Although the name Vena Portae is new, it barely took a few bars into the first song to recognise the distinctive vocals of Emily Barker. Not wanting to confine herself to a solitary project, Emily has temporarily put the Red Clay Halo Band on one side for a short period to concentrate on this collaboration described in its press release as an ‘Anglo Swedish alt-folk band’. This self-titled debut album is an explorative effort full of melodious moments, beautifully sung and underpinned by a strong roots sound.
The evocative album cover and recording in a Swedish winter location suggested an element of darkness to reflect the harshness of the environment but this is a far from noir sound as a breezy thread weaves the refined folk sentiments with a concoction of roots infused instruments. The opening lead track and single ‘Summer Kills’ succeeds in endearing your musical senses, sets the tone for a record which demands attention and is a subtle link to the Americana vibes Emily captured so well on her acclaimed DEAR RIVER album.
The soothing brass sound of trumpet adorns the opening track and later competes with a multitude of other instruments ranging from banjo, piano, guitars and traces of blues laced harmonica. This latter sound appears on the slightly upbeat second track ‘Before the Winter Came’ which lightens the mood with some engaging interludes.
At this point it is polite to introduce the architects of the Vena Portae project which include British songwriter-theatre maker Dom Coyote and acclaimed Swedish artist Ruben Engzell. Emily herself now has very strong UK roots since her formative years spent in Australia and is quite content to share the vocals across the album in contrast to her previous solo and band projects. Without doing disservice to the gents, the strength of the album is erected on a pair of contrasting mid record tracks in ‘Transatlantic’ and ‘Flames and Fury’, both graced by Emily’s vocals. The former is a subtle, intrinsic number mixing harmonica and banjo, while the latter has a far more dominant vocal presence almost matching the mood of the title.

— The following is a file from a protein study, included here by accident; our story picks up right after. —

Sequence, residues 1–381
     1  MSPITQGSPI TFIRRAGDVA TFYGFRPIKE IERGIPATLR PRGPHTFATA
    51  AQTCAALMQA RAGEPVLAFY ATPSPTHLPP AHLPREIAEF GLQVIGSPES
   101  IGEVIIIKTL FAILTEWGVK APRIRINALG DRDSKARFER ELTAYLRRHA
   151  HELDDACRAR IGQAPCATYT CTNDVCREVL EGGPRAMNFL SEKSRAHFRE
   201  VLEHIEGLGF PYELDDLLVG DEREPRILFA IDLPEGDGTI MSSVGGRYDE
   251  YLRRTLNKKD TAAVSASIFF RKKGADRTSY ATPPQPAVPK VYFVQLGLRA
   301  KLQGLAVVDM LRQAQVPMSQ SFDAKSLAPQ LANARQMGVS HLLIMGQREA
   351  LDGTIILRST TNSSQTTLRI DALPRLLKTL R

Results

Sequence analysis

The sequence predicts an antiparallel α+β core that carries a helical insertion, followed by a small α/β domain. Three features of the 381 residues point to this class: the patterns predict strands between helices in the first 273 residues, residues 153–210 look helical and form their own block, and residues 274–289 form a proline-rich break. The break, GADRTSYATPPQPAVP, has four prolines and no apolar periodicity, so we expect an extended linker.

The mellow undercurrents on this debut self-titled album stem from the soft male vocals especially on ‘Solitary Wives’ and the duet with Christian Kjellvander on the final track ‘All Will Be Well’. Christian also appears on the nautical folk induced number ‘The Mapless Sea’ while a similar style prevails on the duet ‘Magpie’s Carol’. Of the remaining tracks ‘Foal’ possesses a good beat and an excellent harmony approach to the song, while the banjo gives a roots feel to ‘Stingrays’. ‘Turning Key’ completes this eleven track compilation with more folk sensibilities but always positioning itself on the alt side of the genre.
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